Monday, 25 May 2009

The work vs love dilemma

"I was told Indian women don't think like that about equality. But I would like to argue that if they don't think like that they should be given a real opportunity to think like that." Amartya Sen
A friend recently wrote about meaningful living using the box analogy. I suppose that idea can be applied beyond the concepts of travel. One of the other places where growth and meaning so often come from is the workplace. In this day and age, there is generally plenty of space for those who wish to live creative and challenging lives to find work that fills that gap. It's generally damned hard work. Someone I know was recently complaining about 15-hour days. She isn't the kind who is seeking meaning and challenge from work, so it's a huge effort for her. It used to be second nature to me. Working for a week without ever really stopping - off-site so that there was no nine-to-five or going home after the working day - was par for the course. And I enjoyed it. I enjoy it. Work is a crucial part of who I am and I like it that way.

I do wish, however, that I could live in a society where the everyday scripts, that govern our interaction with one another, slightly more strongly supported passionate work. Because the truth is, they don't. I'm particularly frustrated and upset at the moment. I've suffered disappointments and been jilted on various fronts. I've had my heart broken and my dreams stolen. If any of this was because of a failed relationship, the world would be ready with chocolate and tissues and sympathy. And possibly alcohol, but that my just be my friends. There is little so sure as that everyone will rally around you and be helpful in a situation of lost love. Consoling those who are broken-hearted is a central part of the scripts we all grow up with. It is only the most hard-hearted who would refuse to be sypathetic or to care about a damsel-in-distress who has been hurt by the careless word or deed of the object of her affections. And the reverse - no woman is allowed to be really miserable if she has love because love is supposed to over come all. In spite of all the generations of liberation and struggle, there is still a subtle, insidious expection that a woman (and perhaps these days also a man) will put up with whatever troubles life throws at her, provided she has love.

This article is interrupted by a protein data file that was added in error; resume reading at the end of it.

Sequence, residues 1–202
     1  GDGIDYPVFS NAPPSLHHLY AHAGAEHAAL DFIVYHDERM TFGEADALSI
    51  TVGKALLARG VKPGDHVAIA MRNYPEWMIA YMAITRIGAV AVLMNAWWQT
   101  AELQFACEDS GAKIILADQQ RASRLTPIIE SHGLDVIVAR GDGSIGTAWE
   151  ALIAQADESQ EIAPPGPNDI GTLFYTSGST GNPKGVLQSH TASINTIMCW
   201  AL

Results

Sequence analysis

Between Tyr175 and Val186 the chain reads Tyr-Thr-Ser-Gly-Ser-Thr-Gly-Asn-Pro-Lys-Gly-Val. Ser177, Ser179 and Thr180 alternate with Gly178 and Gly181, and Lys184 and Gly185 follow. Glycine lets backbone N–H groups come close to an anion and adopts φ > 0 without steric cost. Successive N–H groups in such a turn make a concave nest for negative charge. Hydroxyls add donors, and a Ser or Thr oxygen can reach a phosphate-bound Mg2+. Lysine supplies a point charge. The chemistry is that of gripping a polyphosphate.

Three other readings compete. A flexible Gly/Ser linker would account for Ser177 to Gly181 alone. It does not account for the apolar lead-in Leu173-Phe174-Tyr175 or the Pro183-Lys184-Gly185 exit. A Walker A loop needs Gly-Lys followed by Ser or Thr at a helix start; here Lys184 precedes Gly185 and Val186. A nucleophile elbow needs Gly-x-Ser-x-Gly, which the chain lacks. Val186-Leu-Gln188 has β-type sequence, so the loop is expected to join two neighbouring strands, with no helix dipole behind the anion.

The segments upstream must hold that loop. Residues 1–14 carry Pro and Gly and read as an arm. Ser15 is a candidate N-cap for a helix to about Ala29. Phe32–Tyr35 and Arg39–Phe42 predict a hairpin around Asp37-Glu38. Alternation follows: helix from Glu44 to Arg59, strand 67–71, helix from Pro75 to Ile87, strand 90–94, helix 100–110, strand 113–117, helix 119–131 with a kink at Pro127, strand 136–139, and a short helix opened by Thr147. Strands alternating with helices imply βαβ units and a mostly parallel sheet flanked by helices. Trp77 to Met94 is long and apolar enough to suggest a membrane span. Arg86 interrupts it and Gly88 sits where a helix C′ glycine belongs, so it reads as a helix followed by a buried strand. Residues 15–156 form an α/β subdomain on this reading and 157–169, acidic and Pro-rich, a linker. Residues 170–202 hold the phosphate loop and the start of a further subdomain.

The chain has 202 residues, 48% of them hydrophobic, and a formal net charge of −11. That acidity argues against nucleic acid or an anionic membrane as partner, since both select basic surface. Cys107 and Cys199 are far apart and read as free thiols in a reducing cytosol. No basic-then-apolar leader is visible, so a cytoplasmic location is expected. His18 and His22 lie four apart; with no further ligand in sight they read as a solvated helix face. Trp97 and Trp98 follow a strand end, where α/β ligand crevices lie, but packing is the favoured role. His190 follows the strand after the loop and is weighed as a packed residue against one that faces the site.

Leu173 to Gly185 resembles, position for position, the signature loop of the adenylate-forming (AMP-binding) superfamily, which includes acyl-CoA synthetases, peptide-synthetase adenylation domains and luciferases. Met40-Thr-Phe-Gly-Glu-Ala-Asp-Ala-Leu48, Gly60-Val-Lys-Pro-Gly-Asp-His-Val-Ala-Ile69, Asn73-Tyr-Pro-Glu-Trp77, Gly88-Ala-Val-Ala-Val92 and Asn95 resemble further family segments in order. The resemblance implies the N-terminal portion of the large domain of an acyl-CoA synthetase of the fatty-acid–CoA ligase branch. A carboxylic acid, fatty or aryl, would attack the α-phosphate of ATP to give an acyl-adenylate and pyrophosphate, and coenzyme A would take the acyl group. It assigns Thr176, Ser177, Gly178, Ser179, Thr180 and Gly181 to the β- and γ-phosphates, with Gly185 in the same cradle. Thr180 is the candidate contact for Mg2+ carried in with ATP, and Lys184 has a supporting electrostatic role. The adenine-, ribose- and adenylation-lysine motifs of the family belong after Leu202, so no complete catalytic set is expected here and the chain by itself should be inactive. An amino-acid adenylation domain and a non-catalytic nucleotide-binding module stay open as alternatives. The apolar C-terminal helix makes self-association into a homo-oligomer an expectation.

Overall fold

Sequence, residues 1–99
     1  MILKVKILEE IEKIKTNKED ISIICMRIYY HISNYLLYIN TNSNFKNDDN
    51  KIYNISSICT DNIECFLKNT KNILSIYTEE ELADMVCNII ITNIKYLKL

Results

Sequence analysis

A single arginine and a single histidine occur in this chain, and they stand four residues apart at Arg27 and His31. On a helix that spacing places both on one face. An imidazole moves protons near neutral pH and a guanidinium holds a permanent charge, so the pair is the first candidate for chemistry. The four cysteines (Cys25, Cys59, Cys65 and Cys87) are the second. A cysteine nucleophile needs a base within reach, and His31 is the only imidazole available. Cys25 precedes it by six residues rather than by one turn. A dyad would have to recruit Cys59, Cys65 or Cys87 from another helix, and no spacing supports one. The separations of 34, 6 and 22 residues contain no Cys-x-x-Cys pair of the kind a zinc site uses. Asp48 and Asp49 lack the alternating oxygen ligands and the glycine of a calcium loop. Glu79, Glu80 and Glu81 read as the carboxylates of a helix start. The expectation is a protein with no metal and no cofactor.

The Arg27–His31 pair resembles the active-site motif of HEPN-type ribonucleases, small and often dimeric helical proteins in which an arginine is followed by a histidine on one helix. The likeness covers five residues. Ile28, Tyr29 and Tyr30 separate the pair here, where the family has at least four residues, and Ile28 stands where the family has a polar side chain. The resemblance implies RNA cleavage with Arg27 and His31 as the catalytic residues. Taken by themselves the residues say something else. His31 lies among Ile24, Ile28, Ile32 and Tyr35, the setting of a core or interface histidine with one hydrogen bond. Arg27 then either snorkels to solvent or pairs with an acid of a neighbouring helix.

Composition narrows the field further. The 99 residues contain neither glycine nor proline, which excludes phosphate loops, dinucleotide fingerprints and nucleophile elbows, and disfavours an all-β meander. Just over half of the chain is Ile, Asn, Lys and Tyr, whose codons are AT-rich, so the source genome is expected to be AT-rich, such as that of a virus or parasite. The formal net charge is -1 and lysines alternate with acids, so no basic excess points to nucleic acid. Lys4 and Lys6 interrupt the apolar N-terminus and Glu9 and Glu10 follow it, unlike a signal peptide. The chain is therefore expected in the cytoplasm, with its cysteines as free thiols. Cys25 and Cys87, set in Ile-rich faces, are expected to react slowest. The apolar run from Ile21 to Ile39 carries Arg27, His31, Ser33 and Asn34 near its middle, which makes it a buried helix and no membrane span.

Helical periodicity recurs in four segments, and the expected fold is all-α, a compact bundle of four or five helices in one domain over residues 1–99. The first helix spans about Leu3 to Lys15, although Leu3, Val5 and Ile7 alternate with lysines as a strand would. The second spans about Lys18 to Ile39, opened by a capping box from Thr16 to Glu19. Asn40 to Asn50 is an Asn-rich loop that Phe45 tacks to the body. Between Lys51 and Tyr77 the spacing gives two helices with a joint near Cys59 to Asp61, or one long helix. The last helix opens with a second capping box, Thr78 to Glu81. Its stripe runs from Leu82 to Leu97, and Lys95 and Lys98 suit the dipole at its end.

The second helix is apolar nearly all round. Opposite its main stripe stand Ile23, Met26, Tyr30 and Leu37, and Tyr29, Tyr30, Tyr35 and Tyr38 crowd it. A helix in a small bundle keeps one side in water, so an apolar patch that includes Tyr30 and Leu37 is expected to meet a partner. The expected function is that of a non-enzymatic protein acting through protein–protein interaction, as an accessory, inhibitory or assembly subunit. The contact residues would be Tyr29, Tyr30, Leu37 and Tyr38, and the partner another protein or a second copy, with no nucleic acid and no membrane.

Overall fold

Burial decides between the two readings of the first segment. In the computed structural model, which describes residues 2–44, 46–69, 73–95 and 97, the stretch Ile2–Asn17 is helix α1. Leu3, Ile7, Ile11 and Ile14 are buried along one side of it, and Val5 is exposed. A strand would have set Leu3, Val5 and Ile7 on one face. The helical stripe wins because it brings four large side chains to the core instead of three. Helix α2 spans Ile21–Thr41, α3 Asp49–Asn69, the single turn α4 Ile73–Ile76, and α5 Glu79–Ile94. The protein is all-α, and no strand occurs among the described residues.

Because love, of course, is supposed to be the most important thing on anyone's mind. As if love were the ultimate end of all search for meaning and everything else was merely incidental. Which is so frustratingly, annoyingly stupid. I am often very tired of being expected to act and think like a simpleton. I am frustrated and disappointed and, frankly, miserable. There is so much in my life that I find intolerable and I go through most days in a kind of haze of unhappiness. It fills me with rage that my disappointment and frustration is treated lightly because it's not about a boy, because it's only about work. One of the reasons I never want to live a suburban, ordinary, 'normal' life is because I refuse to reinforce and normalise this lie - that love is more important than anything and women will (should?) always value that far more than work. If I were ever to have children, I would resist with all my strength raising them in this myth. Some days it would be great to find someone to laugh at the world with, but love is incidental. Work with always be the real challenge and meaning of life, perhaps with travel, when work becomes monotonous. And that disappointment and frustration and pain is just as valid and just as real as that of the broken-hearted girl crying of some guy.

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